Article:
City of Berkeley Bans Gendered Words Like ‘Manhole’ and ‘Manpower’ From Code Book
We explain why.
One of California’s most liberal cities voted Tuesday to revamp its city code book by replacing terms like “manhole” and “manpower” with gender-neutral terms.
The Berkeley City Council voted to replace around three dozen terms found in the municipal code. Terms like “policeman,” “policewoman,” “chairwoman,” and “chairman” will be changed, as will “he,” “she,” “him,” and “her.”
Rigel Robinson, the Democratic city council member who wrote the ordinance, said the change is necessary because a “male-centric” city code is “inaccurate and not reflective of our reality.”
“Women and non-binary individuals are just as entitled to accurate representation. Our laws are for everyone, and our municipal code should reflect that,” Robinson told CNN.
The measure passed without debate Tuesday night. It will cost the city $600 to implement the ordinance.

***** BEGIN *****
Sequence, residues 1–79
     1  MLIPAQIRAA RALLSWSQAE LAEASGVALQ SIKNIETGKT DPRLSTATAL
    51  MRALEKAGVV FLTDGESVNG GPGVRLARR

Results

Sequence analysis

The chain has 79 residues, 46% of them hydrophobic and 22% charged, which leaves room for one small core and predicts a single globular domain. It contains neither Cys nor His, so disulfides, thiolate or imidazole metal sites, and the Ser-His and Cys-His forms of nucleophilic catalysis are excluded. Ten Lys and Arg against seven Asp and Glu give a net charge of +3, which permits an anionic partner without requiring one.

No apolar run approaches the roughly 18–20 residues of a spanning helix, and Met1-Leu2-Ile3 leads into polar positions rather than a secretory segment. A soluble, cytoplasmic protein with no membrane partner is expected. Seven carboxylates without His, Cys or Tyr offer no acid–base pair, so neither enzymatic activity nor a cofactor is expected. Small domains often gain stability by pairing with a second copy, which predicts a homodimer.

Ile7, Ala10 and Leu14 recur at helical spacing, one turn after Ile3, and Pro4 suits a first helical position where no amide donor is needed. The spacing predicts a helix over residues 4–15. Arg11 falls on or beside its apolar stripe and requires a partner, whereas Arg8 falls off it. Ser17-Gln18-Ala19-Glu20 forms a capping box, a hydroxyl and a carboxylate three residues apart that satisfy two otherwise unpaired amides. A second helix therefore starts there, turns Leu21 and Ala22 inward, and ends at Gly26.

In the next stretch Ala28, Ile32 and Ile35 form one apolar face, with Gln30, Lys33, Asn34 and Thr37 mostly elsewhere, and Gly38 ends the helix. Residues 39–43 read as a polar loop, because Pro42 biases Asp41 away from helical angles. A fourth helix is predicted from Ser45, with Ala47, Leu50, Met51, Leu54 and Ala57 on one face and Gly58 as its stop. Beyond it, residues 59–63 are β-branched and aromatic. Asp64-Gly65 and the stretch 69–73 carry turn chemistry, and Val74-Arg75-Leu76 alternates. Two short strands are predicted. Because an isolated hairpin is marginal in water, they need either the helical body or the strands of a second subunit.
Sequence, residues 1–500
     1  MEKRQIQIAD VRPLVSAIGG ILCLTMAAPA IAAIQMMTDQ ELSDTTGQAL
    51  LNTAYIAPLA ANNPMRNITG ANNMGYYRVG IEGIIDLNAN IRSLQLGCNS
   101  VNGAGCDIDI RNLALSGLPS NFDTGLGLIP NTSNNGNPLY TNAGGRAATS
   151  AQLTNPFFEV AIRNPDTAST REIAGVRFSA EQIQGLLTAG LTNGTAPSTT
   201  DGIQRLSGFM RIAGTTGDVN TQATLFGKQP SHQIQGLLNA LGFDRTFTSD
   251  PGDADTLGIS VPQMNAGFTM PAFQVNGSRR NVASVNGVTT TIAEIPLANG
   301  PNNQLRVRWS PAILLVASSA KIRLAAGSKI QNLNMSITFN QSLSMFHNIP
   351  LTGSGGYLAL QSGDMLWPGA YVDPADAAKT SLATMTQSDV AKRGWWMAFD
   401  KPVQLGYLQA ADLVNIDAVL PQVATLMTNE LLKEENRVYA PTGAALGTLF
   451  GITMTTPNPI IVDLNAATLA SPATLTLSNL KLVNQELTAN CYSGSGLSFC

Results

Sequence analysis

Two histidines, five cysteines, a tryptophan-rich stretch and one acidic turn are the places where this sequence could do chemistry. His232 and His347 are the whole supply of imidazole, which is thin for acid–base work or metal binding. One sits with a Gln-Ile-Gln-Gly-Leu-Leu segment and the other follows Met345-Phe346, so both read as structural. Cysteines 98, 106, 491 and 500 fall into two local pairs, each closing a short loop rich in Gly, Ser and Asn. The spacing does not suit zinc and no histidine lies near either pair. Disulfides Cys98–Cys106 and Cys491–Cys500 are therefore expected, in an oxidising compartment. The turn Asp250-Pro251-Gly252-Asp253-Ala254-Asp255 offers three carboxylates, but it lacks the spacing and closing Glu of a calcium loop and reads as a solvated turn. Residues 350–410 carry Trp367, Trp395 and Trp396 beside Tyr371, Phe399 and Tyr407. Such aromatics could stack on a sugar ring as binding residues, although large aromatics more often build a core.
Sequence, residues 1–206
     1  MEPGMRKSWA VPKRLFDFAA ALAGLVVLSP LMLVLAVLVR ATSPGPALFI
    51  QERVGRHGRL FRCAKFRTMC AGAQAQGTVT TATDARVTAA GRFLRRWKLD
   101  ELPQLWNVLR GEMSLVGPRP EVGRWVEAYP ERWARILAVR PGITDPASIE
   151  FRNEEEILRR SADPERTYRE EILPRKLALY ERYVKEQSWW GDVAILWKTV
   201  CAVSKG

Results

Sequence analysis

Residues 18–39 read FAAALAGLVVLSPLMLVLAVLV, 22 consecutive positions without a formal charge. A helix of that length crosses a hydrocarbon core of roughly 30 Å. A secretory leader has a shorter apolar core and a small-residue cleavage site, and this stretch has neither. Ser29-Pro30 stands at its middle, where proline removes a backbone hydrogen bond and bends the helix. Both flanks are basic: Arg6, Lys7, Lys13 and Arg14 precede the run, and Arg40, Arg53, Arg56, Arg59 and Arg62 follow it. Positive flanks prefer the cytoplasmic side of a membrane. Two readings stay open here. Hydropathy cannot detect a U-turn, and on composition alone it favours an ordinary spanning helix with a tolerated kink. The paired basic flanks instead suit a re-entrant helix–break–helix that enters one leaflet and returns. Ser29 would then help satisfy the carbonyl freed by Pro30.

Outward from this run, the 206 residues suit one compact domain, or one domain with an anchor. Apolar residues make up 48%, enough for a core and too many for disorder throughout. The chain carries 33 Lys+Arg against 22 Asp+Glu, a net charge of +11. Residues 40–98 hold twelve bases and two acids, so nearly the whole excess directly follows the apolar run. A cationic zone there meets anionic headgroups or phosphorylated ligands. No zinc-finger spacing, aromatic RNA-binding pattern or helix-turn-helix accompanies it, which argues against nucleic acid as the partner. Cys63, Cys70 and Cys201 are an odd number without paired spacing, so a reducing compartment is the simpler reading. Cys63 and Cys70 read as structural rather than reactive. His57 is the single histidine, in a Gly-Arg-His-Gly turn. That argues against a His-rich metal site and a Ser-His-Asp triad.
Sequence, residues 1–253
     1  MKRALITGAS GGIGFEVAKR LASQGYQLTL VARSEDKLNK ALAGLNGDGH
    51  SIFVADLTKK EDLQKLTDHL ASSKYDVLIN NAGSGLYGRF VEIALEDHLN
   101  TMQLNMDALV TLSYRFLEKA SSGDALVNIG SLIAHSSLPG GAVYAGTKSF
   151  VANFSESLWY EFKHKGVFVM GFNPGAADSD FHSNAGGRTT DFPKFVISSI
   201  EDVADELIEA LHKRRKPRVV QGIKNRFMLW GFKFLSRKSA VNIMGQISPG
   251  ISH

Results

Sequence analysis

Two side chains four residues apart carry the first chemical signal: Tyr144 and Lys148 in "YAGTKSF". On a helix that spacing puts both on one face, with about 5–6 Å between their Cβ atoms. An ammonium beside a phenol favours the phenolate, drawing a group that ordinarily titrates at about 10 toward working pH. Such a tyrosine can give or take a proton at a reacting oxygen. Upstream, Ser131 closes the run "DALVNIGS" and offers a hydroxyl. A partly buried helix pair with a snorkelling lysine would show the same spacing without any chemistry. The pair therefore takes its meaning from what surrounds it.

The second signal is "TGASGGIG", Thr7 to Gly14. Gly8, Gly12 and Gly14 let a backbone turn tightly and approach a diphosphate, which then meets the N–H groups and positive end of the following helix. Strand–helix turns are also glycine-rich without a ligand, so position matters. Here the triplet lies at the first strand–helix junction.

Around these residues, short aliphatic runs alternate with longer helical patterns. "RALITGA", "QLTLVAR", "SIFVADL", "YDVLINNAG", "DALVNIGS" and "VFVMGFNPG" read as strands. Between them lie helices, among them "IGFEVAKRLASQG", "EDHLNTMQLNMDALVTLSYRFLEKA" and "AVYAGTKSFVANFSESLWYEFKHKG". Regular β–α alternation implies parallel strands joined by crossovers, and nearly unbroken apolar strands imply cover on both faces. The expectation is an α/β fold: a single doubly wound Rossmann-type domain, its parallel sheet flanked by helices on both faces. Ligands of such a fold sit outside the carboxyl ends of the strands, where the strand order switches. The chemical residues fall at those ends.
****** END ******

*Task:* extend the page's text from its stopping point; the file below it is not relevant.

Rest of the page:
“Ombudsman” will become “ombuds,” while “manhole” will be replaced in the code book with “maintenance hole.”
“Human effort” will take the place of “manpower.”
Cities and companies across the U.S., as well as the U.S. military, have in recent years adopted gender-neutral language amid a larger debate about transgender rights. The Canadian government in March 2018 also ordered government agencies to stop using gendered terms like “Mr.,” “Mrs.,” and “mother.”
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